In Texas, alimony is only ever awarded under a limited set of circumstances defined by law. Without going into too much detail, all of them have to do with one spouse being incapable of earning a living on their own.

If a party to a divorce meets these criteria, then Texas judges have a long list of factors to consider when awarding alimony. This is where adultery’s meager influence shows up.

Adultery is specifically listed as one factor for consideration, as is dishonesty about money, which can often go hand-in-hand with cheating.

However, it’s important to keep in mind that no single factor is determinative. Even if one spouse cheated and all other factors come out in their favor, then the court very well may award them the same alimony payments as they would have otherwise.

Just like in property division, judges have a lot of discretion when it comes to alimony, so you certainly shouldn’t count on cheating influencing the outcome.

Does Adultery Affect Child Custody in Texas?

When it comes to child support and custody, Texas judges are accountable only for the best interests of the child, and having a relationship with both parents is usually considered to be in the child’s best interest. As a result, marital infidelity usually will not impact child custody.

The one caveat is when an extra-marital affair starts to affect your child directly. For instance, if the court deems your spouse’s lover to be a dangerous person – for example, a criminal, an addict, or a child abuser – then the judge might award you greater or sole custody in order to prevent your child’s exposure to that individual.

This can be very hard for some scorned spouses to hear. After all, isn’t it true that untrustworthy people don’t make good parents?

While that may be the case, a court will not see an affair and extrapolate that the perpetrator is untrustworthy in all aspects of their life.

When it comes to child custody, we encourage you to take a step back and think like a judge. You may never want to see your spouse again, but do you really want your child growing up without their other parent?

Adultery and Property Division in Texas

While most community property states aim for an exact 50/50 split of marital debts and assets, you may remember from earlier that Texas judges are instructed simply to make a determination that is “just and right”.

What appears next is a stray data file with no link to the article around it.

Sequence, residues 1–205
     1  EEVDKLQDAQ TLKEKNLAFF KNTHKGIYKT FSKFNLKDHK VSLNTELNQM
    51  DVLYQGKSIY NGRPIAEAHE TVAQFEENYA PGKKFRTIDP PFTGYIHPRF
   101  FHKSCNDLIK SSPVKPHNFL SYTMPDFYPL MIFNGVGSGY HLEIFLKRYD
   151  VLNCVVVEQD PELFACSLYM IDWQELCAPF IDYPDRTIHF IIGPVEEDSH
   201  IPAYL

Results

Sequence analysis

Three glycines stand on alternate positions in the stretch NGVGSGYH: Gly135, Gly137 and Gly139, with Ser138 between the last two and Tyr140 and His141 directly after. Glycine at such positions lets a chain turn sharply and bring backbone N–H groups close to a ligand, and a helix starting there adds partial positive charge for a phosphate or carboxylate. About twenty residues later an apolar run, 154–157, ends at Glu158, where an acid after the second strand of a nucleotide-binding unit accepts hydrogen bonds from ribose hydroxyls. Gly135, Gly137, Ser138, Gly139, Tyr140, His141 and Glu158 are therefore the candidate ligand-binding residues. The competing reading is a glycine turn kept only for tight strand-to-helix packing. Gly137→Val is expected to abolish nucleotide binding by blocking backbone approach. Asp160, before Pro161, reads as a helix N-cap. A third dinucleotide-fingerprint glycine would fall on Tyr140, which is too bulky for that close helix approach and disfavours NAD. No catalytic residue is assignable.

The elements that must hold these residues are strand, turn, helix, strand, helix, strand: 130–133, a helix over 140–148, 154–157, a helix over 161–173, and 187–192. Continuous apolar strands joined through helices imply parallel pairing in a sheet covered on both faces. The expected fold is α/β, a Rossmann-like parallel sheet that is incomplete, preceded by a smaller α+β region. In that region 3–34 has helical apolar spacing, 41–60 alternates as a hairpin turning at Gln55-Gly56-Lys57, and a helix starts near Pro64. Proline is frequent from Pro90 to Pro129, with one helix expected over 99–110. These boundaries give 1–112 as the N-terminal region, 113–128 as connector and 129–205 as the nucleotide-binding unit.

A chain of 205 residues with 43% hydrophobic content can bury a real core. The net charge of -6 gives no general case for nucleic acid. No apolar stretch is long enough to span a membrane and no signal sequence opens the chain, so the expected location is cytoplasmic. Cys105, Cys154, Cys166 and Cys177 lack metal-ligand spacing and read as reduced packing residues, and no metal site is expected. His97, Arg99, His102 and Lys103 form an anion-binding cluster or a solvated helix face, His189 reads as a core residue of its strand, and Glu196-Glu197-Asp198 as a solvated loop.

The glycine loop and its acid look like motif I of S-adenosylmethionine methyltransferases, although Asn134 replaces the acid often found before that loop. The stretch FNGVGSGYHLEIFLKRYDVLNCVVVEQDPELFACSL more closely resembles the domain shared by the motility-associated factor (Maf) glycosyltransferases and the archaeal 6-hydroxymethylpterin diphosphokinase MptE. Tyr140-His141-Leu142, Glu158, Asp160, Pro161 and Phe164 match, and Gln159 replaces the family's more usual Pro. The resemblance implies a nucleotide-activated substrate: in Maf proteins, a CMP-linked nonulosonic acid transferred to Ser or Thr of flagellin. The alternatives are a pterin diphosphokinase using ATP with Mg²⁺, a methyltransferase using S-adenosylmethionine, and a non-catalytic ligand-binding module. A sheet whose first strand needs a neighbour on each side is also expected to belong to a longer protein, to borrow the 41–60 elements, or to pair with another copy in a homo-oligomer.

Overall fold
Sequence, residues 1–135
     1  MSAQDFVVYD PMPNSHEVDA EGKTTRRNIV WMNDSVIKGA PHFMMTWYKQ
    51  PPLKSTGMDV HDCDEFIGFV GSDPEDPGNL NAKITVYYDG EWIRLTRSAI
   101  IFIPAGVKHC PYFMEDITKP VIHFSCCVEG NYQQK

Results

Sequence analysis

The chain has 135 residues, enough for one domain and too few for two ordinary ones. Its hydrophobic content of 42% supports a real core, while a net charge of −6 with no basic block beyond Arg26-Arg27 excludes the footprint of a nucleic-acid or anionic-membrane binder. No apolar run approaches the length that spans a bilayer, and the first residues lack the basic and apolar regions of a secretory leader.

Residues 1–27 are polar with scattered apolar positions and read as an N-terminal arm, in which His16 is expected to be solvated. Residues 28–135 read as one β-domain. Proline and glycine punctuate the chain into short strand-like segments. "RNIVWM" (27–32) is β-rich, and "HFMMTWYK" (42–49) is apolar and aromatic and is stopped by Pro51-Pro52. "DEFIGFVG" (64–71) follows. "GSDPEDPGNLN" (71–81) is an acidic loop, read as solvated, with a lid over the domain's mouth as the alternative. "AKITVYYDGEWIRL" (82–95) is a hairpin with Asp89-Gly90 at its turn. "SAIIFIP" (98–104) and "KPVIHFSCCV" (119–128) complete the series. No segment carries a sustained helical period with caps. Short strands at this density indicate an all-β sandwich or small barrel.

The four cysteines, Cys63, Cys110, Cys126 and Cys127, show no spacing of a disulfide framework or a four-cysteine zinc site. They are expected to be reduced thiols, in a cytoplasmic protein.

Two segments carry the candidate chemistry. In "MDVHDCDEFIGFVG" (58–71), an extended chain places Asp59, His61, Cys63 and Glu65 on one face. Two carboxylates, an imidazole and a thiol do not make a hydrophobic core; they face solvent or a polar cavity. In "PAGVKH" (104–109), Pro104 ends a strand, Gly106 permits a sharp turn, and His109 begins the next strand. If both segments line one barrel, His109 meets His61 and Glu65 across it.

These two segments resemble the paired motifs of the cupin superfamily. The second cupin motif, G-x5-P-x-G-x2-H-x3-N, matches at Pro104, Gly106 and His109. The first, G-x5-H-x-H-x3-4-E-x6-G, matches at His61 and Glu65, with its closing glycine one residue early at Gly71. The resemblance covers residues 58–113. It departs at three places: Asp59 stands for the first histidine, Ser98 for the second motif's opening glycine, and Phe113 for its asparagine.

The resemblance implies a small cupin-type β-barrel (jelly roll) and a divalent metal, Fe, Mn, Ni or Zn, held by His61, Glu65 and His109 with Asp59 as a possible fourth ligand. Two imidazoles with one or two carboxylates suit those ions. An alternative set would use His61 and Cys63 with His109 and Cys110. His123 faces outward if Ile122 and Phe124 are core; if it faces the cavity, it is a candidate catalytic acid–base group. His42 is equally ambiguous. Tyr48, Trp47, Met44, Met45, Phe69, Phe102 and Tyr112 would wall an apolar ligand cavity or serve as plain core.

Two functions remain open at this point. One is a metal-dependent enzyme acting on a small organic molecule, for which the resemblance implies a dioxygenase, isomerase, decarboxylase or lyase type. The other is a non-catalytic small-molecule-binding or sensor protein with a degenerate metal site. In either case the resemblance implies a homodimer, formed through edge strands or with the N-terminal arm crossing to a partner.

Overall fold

This can be approximately a 50/50 split, but it certainly doesn’t have to. Judges take a holistic look at the circumstances of your marriage, and they do their best to be fair and unbiased in making their decision.

Even if your spouse hasn’t cheated on you, they are unlikely to get exactly half of the shared assets – and that remains true for cheating spouses.

That being said, adultery can (and likely will) be considered when a court divides your community assets. Talk to an attorney about how to make an effective case for the cheater getting less than they would have otherwise.

If you can show that your spouse is guilty of using community assets to fund the affair, then you’ll likely get a disproportionate amount of the assets to repay what your spouse dissipated (spent) on the affair.

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Final Thoughts

Finding out that you’ve been the victim of marital infidelity can be a truly devastating experience. However, you might be able to make the best of a bad situation and reap the benefits that come along with your suffering if you can prove that your spouse committed adultery.

When it comes to Texas divorce, there really is no sure thing. Judges have a lot of discretion, but an extra-marital affair will definitely be taken into account – as long as you can prove it.


Is Adultery a Crime in Texas?

No, adultery is not a crime in Texas. Adultery is one of the four fault-based grounds for divorce in Texas (the others are Physical or Emotional Cruelty, Conviction of Felony, and Abandonment).

Although adultery is not a crime, that doesn’t mean the cheating spouse won’t have to “pay for their sins” by being awarded a lesser share of the community property than their spouse.

What is The Penalty for Adultery in Texas?

The penalty for adultery in Texas only applies if you’re divorcing your spouse (or vice versa) and using infidelity as your ground for divorce. The court has the discretion to award the innocent spouse a larger share of the couple’s marital assets to reimburse the community assets the cheater used to fund an affair without the knowledge or approval of the innocent spouse.

Can You Sue Your Spouse for Adultery in Texas?

You cannot sue your spouse – or their girlfriend or boyfriend – for adultery because adultery is not illegal in Texas.

Is Texting Considered Adultery in Texas?

No, but text messages can help to prove that your spouse actually committed adultery.

Is Kissing Considered Adultery in Texas?

No. In Texas, adultery is narrowly defined as a married person voluntarily engaging in sexual intercourse with someone who is not their spouse during the marriage (including while they are separated but not yet divorced).

A sexual encounter that does not include actual sexual intercourse – for example, kissing, petting, or otherwise “making out” – is not legally considered adultery in Texas.